Shooting

First, go and shoot some footage. Keep in mind the limitations of 3D - there is no zoom and the depth of field is quite shallow so you need to keep your subject between 6 and 10 feet away.

Once you have your footage, it's time to get it off the camera and into your Mac.

If you want to try this 3D game out, but you don't have a 3D camera, feel free to download our sample disk image containing 3D footage straight from our camera. You will need a Panansonic 3D TV to view the results though.

Importing

There are two ways to do this - using Cosmos or doing a manual copy from the camera's filesystem to your Mac.

Cosmos

Fire up Cosmos and plug in your camera. Cosmos will do the rest!

Manual Import

Plug in your camera and wait for the SD Card to mount as a drive. Drill into the drive and go into PRIVATE/AVCHD/STREAM to find the video clips. Copy the whole lot to your hard drive somewhere for safe keeping, then eject and switch off your camera.

Editing

Now load up your clips into RevolverHD. If you use Cosmos to import and manage your clips, just navigate to the album containing your clips and right click to 'Send to Revolver'.

If you imported manually, find your MTS video clips and drag them onto RevolverHD.

Once your clips are in RevolverHD you can run a preview and set in/out points to trim the clips as required. If you find some dud clips in there, just remove them from the list.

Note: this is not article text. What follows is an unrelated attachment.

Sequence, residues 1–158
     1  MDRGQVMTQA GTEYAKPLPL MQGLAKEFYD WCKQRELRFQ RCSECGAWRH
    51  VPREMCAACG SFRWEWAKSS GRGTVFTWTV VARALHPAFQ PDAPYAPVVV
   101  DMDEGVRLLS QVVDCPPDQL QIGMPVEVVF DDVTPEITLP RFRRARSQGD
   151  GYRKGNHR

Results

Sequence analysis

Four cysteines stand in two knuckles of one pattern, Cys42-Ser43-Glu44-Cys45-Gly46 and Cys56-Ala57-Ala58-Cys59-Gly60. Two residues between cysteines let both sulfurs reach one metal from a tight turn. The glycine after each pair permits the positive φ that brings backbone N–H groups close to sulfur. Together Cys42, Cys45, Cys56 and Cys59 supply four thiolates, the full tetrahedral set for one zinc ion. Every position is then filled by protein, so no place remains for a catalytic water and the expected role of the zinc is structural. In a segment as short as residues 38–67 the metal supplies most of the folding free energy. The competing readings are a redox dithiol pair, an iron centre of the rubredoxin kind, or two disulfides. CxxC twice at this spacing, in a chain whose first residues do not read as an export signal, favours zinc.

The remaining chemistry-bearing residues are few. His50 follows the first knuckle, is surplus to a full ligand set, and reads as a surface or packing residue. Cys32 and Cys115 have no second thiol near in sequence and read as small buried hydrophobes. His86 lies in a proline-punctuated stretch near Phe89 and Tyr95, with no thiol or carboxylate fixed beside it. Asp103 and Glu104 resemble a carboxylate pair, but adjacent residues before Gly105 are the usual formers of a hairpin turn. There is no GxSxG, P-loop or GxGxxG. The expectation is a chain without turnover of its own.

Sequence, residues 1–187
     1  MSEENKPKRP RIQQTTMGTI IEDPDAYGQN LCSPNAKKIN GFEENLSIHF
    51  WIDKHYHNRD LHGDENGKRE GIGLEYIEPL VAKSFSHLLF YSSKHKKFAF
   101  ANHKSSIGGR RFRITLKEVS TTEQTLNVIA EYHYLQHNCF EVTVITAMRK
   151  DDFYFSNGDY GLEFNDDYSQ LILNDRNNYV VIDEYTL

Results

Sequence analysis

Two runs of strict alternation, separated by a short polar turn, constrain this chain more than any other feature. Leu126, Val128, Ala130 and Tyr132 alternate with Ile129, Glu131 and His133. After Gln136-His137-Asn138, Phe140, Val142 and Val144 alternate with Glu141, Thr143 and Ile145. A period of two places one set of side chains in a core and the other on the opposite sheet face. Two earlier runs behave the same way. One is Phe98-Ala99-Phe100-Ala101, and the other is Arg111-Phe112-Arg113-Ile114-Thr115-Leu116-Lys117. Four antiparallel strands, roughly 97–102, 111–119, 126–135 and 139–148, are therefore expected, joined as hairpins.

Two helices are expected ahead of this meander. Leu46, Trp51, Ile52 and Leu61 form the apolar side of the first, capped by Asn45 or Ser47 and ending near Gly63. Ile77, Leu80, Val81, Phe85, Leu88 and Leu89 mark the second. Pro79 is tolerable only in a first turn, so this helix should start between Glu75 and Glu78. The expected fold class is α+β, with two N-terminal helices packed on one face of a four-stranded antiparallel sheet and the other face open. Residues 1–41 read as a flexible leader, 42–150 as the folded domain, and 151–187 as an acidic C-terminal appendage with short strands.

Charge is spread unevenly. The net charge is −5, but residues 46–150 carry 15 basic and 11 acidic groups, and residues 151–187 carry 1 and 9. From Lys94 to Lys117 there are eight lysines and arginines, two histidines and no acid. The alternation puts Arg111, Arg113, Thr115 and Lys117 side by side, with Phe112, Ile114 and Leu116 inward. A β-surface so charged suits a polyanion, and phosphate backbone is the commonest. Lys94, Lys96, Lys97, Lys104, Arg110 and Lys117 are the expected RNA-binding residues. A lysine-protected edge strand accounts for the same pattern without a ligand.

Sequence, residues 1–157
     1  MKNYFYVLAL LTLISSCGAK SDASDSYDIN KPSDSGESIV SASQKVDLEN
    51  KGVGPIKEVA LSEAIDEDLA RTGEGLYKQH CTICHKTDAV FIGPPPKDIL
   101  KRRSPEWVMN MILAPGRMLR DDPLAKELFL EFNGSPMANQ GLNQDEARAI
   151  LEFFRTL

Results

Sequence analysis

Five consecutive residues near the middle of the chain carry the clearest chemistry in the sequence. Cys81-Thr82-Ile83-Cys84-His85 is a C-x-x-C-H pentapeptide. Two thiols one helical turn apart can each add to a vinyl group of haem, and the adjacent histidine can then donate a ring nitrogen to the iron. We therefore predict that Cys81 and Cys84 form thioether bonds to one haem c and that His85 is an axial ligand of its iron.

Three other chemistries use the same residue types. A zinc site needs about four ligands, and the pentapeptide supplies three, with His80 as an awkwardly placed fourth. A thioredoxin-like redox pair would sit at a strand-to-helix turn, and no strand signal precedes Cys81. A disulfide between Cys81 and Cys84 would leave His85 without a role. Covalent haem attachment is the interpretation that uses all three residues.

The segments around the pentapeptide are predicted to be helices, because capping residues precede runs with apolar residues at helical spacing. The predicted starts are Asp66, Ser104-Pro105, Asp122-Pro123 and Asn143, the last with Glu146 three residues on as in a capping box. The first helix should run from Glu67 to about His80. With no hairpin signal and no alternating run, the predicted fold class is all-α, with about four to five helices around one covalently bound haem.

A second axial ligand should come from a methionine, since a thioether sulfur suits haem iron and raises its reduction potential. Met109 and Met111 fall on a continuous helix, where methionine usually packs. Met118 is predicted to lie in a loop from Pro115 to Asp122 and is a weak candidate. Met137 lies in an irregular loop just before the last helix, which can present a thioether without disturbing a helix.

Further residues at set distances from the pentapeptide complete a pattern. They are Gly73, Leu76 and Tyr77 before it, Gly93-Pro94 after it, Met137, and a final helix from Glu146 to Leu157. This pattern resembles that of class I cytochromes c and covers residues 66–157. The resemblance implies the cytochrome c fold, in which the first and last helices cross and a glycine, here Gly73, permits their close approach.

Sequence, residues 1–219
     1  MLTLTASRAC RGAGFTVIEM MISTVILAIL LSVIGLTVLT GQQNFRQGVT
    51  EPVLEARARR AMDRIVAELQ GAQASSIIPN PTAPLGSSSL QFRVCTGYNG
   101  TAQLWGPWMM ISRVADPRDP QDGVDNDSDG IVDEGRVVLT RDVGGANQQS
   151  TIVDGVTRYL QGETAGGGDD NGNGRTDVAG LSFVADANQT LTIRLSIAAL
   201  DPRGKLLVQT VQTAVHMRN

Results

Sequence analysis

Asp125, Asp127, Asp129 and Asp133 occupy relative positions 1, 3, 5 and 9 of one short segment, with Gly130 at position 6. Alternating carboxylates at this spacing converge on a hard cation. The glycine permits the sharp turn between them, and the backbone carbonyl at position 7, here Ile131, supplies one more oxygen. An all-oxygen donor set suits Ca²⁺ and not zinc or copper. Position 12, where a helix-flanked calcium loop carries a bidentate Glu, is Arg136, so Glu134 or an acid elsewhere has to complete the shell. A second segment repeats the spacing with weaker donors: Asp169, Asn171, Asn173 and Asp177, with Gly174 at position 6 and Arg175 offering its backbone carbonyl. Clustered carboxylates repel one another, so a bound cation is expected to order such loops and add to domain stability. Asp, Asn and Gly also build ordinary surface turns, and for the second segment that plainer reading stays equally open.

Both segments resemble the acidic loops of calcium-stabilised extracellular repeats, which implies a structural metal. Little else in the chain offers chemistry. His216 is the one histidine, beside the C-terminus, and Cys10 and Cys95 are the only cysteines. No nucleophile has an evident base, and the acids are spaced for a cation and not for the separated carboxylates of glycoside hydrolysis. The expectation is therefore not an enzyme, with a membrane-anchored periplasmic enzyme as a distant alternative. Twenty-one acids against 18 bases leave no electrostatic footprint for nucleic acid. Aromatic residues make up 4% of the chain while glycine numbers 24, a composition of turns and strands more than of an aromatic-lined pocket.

Exporting

Your simple edit is now complete and it's time to export.

We have added a special TV Export option for Panasonic TVs to create the file structure that Panasonic requires for 3D playback.

The export that you create will playback directly on the TV, straight from your USB drive, so go and find a USB drive and stick it in your Mac.

Click on TV Export in RevolverHD. On the next screen select Panasonic as the TV type and select your USB Drive as the destination for your Export.

RevolverHD now does its magic, trimming your clips then putting them into a structure to play back on your TV.

Eject your drive and plug it into your 3D Panasonic TV. Enjoy!

The process described here works just as well for regular 2D high definition video too. For quick edits and perfect quality HD playback, its a great way to go.

Digital SLR vs Camcorder video - which is the best for you?

For the past 12 months we've been using our regular HD Camcorders and also some of the new Digital SLR video cameras.